This project seeks to establish the prevalence of counterfeit medicine in three Kenyan cities to inform policies. Counterfeiting is a form of organized crime worth over USD600 billion annually worldwide. It’s estimated that 20% of all medicines in Kenya is counterfeit thus pushing poor households to endless pain, even death.
The most frequently counterfeited medicines are expensive lifestyle medicines such as antibiotics, diabetics, hypertensives, hormones, analgesics, steroids and antihistamines. Medicines easily counterfeited include; fast-moving popular brands, easily manufactured drugs, over-the-counter prescriptions, supplies to government institutions and export products.
The project intentions is to establish the actual brands that are highly counterfeited and through interviews find out why. The target populations to interview include; parallel importers, distributors, SMEs of pharmaceutical products, Pharmacy and Poisons Board, consumers and the Pharmaceutical Society of Kenya as they are the main industry players.
As a pilot project, this would involve random target sampling of the medicines from at least 27 outlets around satellite (slum) areas in three major counties in Kenya. I intend to sample from three pharmacies in each of the nine locations hence the figure - 27.
The samples would then be subjected into a verification processes and those in need for laboratory analysis would then be selected and examined.
The approach in this investigative piece using print i.e. newspaper-The Business Daily - (and social) media as channels will involve descriptive long form and short form designs exploring possible factors influencing the influx of counterfeit medicines into Kenya. Phase two of the project would seek to trace back the trade of the possible origins of these products.
I intend to present the story in an infographic form from the point of sale up to when it reaches the household and the possible effects of counterfeits afterwards.
A searchable data tool would have to be created to keep tabs of consumer reports against counterfeits (in form of #SelfieJournalism) and track back government’s response and action taken to ensure consumer safety against counterfeit medicines.
If all goes well, we would escalate the project to trace back the trade and reveal the faces and personalities (usually influential people in government and the corporate world) behind the influx of counterfeits in Kenya. This would serve as a name and shame platform to help reduce the incidences.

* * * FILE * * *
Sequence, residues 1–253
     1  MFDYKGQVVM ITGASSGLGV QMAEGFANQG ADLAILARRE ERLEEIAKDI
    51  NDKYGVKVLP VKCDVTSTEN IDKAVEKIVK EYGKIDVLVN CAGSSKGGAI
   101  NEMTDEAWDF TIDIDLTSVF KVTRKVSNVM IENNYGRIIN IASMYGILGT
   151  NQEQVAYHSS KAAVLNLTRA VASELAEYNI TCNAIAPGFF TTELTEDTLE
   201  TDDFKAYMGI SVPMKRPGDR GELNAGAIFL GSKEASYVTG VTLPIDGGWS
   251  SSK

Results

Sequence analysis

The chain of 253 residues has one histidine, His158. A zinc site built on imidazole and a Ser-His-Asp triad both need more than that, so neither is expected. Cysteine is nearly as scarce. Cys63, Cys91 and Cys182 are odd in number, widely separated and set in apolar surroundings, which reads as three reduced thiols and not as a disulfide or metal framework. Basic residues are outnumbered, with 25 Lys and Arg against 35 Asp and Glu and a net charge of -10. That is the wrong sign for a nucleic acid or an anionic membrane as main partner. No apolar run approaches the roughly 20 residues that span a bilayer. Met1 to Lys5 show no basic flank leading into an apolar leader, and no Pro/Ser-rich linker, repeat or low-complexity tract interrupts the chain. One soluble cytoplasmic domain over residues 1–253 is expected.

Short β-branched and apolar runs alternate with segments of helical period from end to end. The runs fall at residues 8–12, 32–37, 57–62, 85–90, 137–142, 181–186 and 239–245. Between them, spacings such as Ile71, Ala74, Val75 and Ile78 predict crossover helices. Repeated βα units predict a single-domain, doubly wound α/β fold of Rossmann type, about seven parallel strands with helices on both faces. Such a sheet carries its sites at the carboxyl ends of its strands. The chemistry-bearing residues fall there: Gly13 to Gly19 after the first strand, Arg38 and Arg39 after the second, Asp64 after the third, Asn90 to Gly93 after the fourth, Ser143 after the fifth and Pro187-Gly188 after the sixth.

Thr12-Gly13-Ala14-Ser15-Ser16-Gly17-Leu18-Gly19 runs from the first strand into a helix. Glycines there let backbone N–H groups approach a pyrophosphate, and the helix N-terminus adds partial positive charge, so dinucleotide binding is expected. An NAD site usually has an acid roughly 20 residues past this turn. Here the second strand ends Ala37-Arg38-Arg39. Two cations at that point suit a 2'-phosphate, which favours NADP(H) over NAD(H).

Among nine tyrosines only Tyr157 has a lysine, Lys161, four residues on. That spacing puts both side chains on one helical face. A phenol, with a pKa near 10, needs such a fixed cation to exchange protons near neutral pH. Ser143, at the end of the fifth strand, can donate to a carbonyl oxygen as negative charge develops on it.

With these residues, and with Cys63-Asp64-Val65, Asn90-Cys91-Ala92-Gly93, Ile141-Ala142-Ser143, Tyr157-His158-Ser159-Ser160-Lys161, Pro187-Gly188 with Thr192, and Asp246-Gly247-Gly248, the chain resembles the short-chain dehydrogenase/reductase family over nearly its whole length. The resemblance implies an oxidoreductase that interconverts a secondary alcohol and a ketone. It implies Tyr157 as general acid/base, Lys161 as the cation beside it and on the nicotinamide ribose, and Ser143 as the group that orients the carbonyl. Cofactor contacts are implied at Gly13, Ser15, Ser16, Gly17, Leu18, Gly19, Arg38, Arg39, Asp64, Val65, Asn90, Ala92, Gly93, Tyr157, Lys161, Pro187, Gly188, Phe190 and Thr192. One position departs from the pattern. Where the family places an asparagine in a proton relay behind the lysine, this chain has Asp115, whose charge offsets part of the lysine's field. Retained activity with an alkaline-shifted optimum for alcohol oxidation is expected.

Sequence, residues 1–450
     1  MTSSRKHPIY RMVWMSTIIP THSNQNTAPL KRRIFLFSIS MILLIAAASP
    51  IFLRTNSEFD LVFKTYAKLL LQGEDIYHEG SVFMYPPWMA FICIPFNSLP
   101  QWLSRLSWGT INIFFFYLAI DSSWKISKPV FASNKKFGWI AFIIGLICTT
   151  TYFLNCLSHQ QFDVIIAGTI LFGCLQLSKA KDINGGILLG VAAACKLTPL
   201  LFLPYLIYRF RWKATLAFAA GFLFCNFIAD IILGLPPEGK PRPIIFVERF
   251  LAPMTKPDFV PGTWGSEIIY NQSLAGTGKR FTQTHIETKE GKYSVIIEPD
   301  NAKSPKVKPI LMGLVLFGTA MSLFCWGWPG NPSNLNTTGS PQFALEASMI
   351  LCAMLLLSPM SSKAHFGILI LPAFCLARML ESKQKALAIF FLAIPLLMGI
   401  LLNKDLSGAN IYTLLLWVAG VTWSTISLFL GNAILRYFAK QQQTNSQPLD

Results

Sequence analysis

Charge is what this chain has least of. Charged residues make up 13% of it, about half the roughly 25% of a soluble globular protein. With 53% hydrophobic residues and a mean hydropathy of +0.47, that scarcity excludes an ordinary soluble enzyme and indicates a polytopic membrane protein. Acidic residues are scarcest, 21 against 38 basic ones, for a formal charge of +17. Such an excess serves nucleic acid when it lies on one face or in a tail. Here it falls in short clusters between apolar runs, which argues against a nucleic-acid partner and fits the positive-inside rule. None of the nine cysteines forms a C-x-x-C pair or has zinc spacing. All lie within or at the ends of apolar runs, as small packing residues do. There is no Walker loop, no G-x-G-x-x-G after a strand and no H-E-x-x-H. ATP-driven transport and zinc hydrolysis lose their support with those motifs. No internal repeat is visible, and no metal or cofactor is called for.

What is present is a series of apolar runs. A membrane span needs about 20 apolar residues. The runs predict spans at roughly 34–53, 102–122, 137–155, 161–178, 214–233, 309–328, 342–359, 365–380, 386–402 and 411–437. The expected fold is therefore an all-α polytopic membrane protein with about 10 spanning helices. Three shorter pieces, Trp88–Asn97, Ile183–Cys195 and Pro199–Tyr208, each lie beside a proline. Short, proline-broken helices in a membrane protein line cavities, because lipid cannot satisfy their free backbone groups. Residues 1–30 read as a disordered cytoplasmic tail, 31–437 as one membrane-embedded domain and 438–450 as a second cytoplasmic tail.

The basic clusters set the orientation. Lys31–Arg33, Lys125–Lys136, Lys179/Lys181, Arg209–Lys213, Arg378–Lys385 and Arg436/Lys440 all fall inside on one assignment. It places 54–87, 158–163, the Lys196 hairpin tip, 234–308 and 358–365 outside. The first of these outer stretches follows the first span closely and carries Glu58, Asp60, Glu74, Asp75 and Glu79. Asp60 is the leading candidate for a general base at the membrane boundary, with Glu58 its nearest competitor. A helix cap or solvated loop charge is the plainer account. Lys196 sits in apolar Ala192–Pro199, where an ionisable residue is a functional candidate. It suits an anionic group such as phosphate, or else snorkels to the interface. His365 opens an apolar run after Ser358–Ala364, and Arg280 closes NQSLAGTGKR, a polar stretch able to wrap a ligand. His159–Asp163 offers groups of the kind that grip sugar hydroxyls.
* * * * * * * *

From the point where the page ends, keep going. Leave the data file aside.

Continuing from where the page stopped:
To do this, together with my team, we would leverage on social media to create a trend around it to keep the story agenda going while creating public awareness at the same time.
To keep this alive I intend to work around the World Health Organisation Calendar to inform on the story ideas every month i.e. is March is World Kidney month or in the case of February being a cancer awareness month, I would do an investigative story on the most counterfeited medicine for cancers while riding on the theme of the month in creating awareness in a sustainable manner throughout the year with different themes.
Since counterfeiting is not only a Kenyan issue we would aim at engaging foreign media in translating the story to fit different audience but serving the same purpose of creating awareness and influence government policies.
- Fake China, India drugs put Kenyans at risk (ENGLISH)
- How potentially lethal fake drugs get into African countries including Kenya (ENGLISH)
- How counterfeit medication gets into African countries (ENGLISH )
- Plans put in place to stem fake drugs use (ENGLISH)
- Fake medicine circulating in low and middle-income countries (ENGLISH )
- Are journalists flying into the face of danger (ENGLISH )
- How the #ChokersKE project helps people identify whether medicines are real or fake (ENGLISH)
- Sub-standard malaria drug set for recall (ENGLISH)
- Malaria drug Duo-Cotecxin to be recalled from Kenyan market (ENGLISH)
- Official attempts to allay fears on bad malaria drug (ENGLISH)
- Capsules of poison; why you should think twice before popping that pill (ENGLISH)